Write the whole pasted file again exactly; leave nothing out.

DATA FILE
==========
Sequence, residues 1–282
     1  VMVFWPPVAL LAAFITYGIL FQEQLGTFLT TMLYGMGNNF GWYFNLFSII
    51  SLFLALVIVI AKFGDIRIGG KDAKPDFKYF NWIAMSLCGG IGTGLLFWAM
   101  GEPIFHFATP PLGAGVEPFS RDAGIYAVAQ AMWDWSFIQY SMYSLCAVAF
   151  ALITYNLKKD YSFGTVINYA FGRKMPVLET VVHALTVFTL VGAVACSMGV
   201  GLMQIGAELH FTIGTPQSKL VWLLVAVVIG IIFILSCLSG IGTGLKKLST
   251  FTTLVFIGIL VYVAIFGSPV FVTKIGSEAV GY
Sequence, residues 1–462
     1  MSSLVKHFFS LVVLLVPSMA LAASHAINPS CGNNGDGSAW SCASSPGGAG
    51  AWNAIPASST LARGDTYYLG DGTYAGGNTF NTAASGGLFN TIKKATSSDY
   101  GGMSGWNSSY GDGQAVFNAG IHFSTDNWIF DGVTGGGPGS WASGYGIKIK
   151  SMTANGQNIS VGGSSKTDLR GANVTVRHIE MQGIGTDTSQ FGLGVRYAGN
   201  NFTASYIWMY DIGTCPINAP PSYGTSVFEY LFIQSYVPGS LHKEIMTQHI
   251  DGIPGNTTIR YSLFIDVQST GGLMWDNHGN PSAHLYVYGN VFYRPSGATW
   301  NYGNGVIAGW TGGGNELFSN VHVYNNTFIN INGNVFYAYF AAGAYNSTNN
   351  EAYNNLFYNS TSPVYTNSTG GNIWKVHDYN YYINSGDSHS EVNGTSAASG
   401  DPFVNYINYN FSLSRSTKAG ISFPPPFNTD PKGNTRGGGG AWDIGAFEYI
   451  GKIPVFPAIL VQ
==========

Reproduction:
Sequence, residues 1–282
     1  VMVFWPPVAL LAAFITYGIL FQEQLGTFLT TMLYGMGNNF GWYFNLFSII
    51  SLFLALVIVI AKFGDIRIGG KDAKPDFKYF NWIAMSLCGG IGTGLLFWAM
   101  GEPIFHFATP PLGAGVEPFS RDAGIYAVAQ AMWDWSFIQY SMYSLCAVAF
   151  ALITYNLKKD YSFGTVINYA FGRKMPVLET VVHALTVFTL VGAVACSMGV
   201  GLMQIGAELH FTIGTPQSKL VWLLVAVVIG IIFILSCLSG IGTGLKKLST
   251  FTTLVFIGIL VYVAIFGSPV FVTKIGSEAV GY
Sequence, residues 1–462
     1  MSSLVKHFFS LVVLLVPSMA LAASHAINPS CGNNGDGSAW SCASSPGGAG
    51  AWNAIPASST LARGDTYYLG DGTYAGGNTF NTAASGGLFN TIKKATSSDY
   101  GGMSGWNSSY GDGQAVFNAG IHFSTDNWIF DGVTGGGPGS WASGYGIKIK
   151  SMTANGQNIS VGGSSKTDLR GANVTVRHIE MQGIGTDTSQ FGLGVRYAGN
   201  NFTASYIWMY DIGTCPINAP PSYGTSVFEY LFIQSYVPGS LHKEIMTQHI
   251  DGIPGNTTIR YSLFIDVQST GGLMWDNHGN PSAHLYVYGN VFYRPSGATW
   301  NYGNGVIAGW TGGGNELFSN VHVYNNTFIN INGNVFYAYF AAGAYNSTNN
   351  EAYNNLFYNS TSPVYTNSTG GNIWKVHDYN YYINSGDSHS EVNGTSAASG
   401  DPFVNYINYN FSLSRSTKAG ISFPPPFNTD PKGNTRGGGG AWDIGAFEYI
   451  GKIPVFPAIL VQ